Gino DiCaro

State water board remands bay mercury plan

By Gino DiCaro, VP, Communications

Capitol Update, Sept. 9, 2005 Share this on FacebookTweet thisEmail this to a friend

The State Water Resources Board (SWRB) on Wednesday, September 7, rejected the San Francisco Bay Regional Water Quality Control Board's (SFBRWQCB) proposed Total Mass Daily Load (TMDL) plan for reducing mercury levels in San Francisco Bay.  The SWRB stated that the plan did not adequately address municipal and industrial wastewater discharges.    

The Bay's mercury pollution problem dates back to the Gold Rush days, when miners used mercury to separate gold from ore and elements. Abandoned mines in the Sierra Nevada are still leaching mercury into rivers that empty into the bay.  More than 1,000 pounds of mercury comes from these mines every year.  Less than 1 percent of the mercury in the Bay comes from point sources such as municipal sewer agencies and manufacturers.  That's because these point source dischargers already have invested hundreds of millions of dollars to improve water quality as required under state and federal laws.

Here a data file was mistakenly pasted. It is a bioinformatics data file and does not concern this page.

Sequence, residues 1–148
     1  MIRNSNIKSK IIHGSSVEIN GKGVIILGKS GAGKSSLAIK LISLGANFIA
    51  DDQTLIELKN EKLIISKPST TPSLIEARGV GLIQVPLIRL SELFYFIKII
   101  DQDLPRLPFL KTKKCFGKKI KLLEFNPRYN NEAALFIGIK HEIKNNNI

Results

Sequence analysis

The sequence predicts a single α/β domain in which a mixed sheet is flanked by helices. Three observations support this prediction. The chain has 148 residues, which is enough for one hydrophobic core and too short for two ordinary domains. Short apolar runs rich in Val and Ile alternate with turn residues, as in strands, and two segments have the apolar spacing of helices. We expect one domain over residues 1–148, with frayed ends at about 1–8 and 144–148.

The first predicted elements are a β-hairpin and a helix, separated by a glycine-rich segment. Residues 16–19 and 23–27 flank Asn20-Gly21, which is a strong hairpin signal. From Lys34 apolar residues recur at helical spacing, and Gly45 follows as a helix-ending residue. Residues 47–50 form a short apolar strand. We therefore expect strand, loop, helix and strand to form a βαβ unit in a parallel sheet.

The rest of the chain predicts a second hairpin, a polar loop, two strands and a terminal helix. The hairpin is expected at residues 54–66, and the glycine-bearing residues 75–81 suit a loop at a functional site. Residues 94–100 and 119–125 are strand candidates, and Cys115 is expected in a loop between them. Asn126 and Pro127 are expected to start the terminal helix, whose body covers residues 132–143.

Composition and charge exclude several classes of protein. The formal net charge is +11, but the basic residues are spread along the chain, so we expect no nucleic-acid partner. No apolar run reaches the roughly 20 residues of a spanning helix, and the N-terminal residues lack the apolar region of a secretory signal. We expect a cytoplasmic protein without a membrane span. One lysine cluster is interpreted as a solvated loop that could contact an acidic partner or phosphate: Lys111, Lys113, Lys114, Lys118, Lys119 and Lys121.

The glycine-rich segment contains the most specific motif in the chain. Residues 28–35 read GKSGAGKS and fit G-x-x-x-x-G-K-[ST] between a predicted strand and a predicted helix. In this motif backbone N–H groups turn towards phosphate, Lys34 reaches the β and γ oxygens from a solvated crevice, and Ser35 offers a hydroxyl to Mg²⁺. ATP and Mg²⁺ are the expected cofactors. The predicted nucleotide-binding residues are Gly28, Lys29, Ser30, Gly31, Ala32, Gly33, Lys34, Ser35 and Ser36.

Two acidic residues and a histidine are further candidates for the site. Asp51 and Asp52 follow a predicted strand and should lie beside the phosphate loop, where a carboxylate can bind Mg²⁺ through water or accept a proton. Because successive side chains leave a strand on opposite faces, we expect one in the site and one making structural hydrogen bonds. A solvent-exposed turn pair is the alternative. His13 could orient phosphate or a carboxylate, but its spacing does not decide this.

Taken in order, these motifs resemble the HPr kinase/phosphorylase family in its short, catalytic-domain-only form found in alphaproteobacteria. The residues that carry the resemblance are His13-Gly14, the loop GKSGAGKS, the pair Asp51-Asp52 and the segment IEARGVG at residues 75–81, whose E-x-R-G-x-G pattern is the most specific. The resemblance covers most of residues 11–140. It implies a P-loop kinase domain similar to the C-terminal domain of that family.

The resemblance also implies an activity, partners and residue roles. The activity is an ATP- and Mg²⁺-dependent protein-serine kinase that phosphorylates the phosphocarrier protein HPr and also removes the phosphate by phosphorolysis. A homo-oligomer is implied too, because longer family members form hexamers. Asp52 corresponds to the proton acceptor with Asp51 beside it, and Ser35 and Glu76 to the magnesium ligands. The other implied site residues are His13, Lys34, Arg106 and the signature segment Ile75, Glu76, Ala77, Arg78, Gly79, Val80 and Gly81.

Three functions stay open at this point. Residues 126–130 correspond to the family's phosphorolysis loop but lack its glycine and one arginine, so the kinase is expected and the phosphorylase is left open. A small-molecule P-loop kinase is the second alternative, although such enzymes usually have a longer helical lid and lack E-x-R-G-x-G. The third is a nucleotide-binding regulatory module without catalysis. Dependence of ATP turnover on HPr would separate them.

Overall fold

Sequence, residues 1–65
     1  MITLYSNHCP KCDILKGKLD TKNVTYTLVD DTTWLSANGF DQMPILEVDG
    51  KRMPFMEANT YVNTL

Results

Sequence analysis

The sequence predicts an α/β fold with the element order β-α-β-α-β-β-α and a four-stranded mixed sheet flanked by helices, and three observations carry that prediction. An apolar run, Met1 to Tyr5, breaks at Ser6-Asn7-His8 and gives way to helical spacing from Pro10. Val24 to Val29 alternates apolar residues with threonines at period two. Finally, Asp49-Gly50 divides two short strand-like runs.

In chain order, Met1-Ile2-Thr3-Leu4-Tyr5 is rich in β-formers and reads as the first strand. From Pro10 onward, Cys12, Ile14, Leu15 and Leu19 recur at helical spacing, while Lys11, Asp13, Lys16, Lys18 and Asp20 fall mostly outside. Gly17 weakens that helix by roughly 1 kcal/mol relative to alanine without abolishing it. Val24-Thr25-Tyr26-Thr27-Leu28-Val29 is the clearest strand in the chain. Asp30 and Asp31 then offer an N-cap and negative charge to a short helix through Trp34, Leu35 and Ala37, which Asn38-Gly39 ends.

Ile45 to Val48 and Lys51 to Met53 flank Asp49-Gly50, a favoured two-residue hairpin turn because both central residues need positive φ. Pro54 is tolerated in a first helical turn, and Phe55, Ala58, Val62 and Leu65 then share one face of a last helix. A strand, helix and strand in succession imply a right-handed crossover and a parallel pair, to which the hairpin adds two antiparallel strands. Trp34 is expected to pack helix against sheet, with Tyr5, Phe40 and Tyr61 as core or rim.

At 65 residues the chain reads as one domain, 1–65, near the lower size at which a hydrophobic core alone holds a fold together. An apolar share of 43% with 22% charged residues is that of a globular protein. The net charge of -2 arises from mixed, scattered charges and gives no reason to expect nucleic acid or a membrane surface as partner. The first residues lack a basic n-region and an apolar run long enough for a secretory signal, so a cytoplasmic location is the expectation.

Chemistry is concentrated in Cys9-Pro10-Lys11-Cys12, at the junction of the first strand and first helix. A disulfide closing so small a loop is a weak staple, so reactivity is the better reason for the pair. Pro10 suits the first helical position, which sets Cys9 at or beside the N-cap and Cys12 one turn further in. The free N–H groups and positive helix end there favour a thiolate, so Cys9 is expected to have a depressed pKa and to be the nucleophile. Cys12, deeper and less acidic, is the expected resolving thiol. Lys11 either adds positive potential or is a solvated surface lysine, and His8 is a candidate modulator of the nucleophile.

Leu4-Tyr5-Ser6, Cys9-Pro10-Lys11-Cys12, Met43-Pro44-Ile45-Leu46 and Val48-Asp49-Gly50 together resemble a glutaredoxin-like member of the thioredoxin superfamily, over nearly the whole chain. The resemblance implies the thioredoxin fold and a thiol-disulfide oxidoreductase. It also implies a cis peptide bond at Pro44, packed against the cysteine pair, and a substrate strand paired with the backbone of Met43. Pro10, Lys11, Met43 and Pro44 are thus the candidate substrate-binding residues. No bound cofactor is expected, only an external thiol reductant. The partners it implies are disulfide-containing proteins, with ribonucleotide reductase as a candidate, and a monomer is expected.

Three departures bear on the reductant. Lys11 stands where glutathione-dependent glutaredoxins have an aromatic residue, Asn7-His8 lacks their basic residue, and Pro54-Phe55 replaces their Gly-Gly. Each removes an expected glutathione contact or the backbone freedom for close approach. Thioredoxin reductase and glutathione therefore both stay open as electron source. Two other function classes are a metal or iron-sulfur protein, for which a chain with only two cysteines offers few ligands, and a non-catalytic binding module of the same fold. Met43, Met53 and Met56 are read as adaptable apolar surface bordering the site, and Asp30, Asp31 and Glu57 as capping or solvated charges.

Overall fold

The S.F. regional board's plan, developed over 5 years, logically concluded that to reduce mercury pollution, the clean-up must focus on reducing mercury from the primary source of mercury - the legacy of gold and mercury mines.  It also required point sources to cut mercury releases by 40 percent over the next 20 years.  

Environmental justice groups argued that the plan was not aggressive enough and that it would take 120 years to clean up the Bay.  Minorities, due to their culture, would continue to eat fish caught in the Bay (in spite of postings) and suffer the effects of the polluted water.  Mercury can impair neurological development in fetuses and children and has been known to cause tremors, memory loss and other problems in adults.   Prominent among the opposition were the Natural Resources Defense Council, Baykeepers and Clean Water Action.

A significant number of representatives for utility districts, industry and communities both in the Bay Area and across the state testified in support of the SFBRWQCB's plan and were concerned that the SWRB's decision would set a precedent for future reviews of regional board actions.  The "Version 2" plan option adopted by the SWRB will likely increase sewer fees for Bay Area ratepayers by $80 to $300 million more per year.

Burton Wolfe, executive director of the SFBRWQCB, said the state's rejection would delay the long-term goal of reducing pollution, because it requires lengthy studies that may do little to reduce the overall amount of new mercury pollution being released into the bay. Wolfe said, "It slows the actual implementation of the mercury controls and directs us to do more study.  In our mind, that's a waste of time and resources when we should be getting on to restoring the Bay.''

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